This article is part of the series “Welfare Reform: 20 Years Later,” a collaboration between Slate and Marketplace. You can listen to Marketplace’s podcast on welfare, “The Uncertain Hour,” here.
“All right, so we’re gonna talk about love styles!”
On a Thursday night in Oklahoma City this winter, Scott Roby— white goatee, polo shirt, and slacks—stood at the front of a crowded conference room, next to an image of a big colorful heart projected on a PowerPoint screen. The heart was divided into six different sections representing different “love styles.”
“There’s Do, Be, Give, Encourage, Talk, and Touch. Those are the six different dimensions,” Roby, an instructor for a program called “Forever. For Real,” told his audience. “We all have all of these within us.”
As he talked, the 50 or so people in the room nudged their partners, exchanging knowing looks when their preferred love style came up. “Now, sensual touch—if it’s really gonna feed the love style and feed the relationship, it’s not always about ‘landing the plane,’ if you know what I mean,” Roby said with a wink.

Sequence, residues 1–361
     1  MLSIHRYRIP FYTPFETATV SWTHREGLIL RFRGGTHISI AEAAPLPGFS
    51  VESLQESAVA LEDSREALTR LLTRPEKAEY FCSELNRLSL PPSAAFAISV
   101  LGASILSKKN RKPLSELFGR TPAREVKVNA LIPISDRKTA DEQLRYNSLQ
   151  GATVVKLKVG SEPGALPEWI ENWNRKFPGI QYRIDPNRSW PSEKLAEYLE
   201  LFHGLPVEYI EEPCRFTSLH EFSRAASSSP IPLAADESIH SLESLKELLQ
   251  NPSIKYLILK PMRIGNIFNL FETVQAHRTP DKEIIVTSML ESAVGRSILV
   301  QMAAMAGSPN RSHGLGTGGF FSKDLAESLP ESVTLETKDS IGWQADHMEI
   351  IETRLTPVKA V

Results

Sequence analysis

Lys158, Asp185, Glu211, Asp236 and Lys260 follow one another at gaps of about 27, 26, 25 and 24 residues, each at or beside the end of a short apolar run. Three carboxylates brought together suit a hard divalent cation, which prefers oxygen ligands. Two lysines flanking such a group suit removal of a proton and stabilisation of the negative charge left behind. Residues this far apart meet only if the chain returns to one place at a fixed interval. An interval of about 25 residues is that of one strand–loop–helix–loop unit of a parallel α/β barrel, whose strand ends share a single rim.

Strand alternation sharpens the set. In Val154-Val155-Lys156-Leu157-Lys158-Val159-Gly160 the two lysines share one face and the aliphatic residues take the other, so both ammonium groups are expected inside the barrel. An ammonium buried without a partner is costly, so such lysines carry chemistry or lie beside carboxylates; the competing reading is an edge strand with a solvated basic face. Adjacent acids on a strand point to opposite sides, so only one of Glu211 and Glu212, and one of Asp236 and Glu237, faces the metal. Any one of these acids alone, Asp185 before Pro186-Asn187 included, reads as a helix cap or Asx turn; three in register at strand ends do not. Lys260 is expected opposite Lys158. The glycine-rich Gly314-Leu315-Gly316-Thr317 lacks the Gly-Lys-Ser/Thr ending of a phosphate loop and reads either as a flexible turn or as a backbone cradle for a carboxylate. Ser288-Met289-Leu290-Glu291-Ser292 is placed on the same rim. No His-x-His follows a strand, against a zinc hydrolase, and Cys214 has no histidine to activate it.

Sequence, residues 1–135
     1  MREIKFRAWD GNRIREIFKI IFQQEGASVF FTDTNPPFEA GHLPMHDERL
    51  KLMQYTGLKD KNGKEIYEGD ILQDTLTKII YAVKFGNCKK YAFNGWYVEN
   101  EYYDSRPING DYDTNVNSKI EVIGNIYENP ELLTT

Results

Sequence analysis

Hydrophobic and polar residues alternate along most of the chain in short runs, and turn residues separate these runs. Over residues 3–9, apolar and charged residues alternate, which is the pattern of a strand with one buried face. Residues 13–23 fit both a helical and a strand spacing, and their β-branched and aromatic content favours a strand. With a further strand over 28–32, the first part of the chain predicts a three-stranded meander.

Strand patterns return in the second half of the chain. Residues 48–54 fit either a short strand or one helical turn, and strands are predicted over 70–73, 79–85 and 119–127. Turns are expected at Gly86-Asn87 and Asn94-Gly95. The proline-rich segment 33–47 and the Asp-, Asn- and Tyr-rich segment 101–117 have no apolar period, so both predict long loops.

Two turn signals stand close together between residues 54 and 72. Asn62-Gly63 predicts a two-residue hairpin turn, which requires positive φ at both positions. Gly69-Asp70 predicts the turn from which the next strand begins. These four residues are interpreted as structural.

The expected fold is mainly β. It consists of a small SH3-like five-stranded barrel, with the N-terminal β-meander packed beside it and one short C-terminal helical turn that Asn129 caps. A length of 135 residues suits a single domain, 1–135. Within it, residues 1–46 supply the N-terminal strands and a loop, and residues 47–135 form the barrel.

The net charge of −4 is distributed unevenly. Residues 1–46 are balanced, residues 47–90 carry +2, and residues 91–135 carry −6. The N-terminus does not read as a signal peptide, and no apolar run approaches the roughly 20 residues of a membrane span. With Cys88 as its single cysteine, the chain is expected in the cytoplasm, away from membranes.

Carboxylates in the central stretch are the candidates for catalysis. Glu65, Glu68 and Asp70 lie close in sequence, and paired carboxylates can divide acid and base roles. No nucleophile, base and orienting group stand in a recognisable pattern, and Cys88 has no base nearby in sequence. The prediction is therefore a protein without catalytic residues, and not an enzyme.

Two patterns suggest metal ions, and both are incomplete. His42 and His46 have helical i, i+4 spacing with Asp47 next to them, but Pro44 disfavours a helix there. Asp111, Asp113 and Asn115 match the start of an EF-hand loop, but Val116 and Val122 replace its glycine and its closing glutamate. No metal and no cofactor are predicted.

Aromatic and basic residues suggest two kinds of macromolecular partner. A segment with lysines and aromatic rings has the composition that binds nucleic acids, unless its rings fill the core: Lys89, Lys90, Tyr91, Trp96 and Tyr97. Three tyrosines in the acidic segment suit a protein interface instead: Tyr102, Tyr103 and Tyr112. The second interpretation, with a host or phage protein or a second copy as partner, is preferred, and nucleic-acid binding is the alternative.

Roby’s audience was mostly young or middle-aged professionals who’d come to his free, five-hour seminar straight from work, still in their business-casual. Everyone there was either married or engaged; “Forever. For Real” is open to any couple who lives in Oklahoma as a kind of marriage counseling 101 to help improve relationships and build strong marriages—and along the way, dance to a little Al Green, draw pictures of what modern marriage looks like (a bicycle? A microwave? A pizza?), and discuss ways of dividing household chores and resolving conflicts.